Utter crap from Politico: The “Rahm is leaving” rumor

Politico’s front page right now is leading with “How long will Rahm remain?” and a huge picture of the chief of staff looking speculative, pensive, mischievous, evil… whatever. The story starts like this:

White House chief of staff Rahm Emanuel, the administration’s most feared and fascinating personality, is fending off questions about just how long he will remain in his draining job — and whether his next gig will be in Washington or back in Chicago, perhaps as Mr. Mayor.

“He’s not going anywhere,” a White House aide said. “He’s working every day on health care, Afghanistan, the economy and implementing the president’s agenda. All this talk that he would go anywhere comes from people who don’t know him.”

In reading the story, however, it’s clear that the only people here who are asking those questions he’s having to fend off are the story’s authors, Glenn Thrush and Mike Allen. Everyone quoted basically says the same thing: he’s still involved, he’s fine, he’s doing his job, he’s busy.  The quotes, by the way, are almost all from unnamed sources, with the exception of a few sentences from Emanuel’s old executive director at the DCCC and a little over a full sentence from Rep. Steve Israel.  Everyone else is “a Senate staffer,” “an aide,” “a House Democrat close to Emanuel.”

This is crap journalism, forcing a story just to have a story on the front page.  It’s not terribly far away from publishing a piece called, “Is Barack Obama a Space Alien?” Imagine:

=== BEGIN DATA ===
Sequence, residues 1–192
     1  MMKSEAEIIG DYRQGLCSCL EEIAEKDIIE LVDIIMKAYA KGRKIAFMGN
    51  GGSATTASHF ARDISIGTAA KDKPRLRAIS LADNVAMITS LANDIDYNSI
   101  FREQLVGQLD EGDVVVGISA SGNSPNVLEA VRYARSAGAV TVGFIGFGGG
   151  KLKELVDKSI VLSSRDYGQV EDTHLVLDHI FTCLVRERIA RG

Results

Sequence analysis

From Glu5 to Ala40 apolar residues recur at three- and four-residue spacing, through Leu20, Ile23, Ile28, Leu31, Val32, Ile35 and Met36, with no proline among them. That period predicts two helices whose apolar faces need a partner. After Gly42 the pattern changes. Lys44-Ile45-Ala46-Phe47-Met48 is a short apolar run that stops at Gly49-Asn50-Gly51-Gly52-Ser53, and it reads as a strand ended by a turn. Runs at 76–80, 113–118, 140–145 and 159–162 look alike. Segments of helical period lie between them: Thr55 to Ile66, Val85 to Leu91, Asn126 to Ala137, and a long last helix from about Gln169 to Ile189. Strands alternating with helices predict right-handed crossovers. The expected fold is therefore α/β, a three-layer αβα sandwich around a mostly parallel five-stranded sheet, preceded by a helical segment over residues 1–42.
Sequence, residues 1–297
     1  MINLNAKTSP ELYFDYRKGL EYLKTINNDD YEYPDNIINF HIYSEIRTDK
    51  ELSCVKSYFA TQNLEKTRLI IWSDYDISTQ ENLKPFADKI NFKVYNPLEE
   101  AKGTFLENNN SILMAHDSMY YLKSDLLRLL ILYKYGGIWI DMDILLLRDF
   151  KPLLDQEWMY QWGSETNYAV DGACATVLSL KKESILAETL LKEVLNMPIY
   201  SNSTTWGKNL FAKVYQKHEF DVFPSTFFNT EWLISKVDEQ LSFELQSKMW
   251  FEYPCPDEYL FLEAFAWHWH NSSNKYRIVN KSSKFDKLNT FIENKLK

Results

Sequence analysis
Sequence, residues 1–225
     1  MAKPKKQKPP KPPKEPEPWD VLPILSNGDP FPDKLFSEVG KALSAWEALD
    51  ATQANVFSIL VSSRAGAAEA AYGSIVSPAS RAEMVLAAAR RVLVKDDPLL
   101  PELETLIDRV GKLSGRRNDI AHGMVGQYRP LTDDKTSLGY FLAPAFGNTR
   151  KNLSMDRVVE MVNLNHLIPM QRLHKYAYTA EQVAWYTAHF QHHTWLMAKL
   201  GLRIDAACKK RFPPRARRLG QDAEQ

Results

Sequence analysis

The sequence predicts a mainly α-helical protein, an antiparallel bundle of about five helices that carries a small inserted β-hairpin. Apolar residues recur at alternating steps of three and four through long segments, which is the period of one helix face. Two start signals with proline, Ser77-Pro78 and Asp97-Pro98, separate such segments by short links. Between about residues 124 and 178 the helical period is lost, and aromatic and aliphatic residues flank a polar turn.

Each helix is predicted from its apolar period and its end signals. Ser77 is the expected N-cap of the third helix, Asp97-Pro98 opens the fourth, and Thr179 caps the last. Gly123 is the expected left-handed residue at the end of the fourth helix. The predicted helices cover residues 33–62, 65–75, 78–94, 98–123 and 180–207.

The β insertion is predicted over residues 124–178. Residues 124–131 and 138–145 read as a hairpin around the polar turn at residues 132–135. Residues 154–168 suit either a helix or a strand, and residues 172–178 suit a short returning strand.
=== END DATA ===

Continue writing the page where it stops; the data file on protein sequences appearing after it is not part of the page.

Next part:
President Barack Obama, the nation’s still-new president and newest Nobel laureaute, is fending off questions about whether he might have been born on the planet Xenon — and whether this intergalatic birth is the reason for his stellar success.

“He’s not a space alien,” a White House aide said. “He’s fully human and he always has been.  All this talk that he’s an alien is from people who don’t know crap.”

Sure, asking whether Emanuel is planning to leave on the two-year schedule he mentioned is a legitimate question. And it has been asked many times recently thanks to Sally Quinn’s speculation in The Washington Post. But when everyone answers the question in the negative, and you even manage to pile up convincing evidence that he’s sticking around in Washington for a while (there’s a list at the end of the piece of personal moves that signal he’s planning to stay in D.C.), why run the story? Better: why run the story with a lede that implies this is still an open question? Emanuel himself — not quoted here — said conclusively on Sunday that he’s staying in Washington. Why not mention that in a three-page story about that exact topic?

Is it just that, having given those hours to investigation, Allen and Thrush have to somehow make Politico some money? Or were the writers there bitter that Mark Halperin’s new book was taking the crown for political gossip today?

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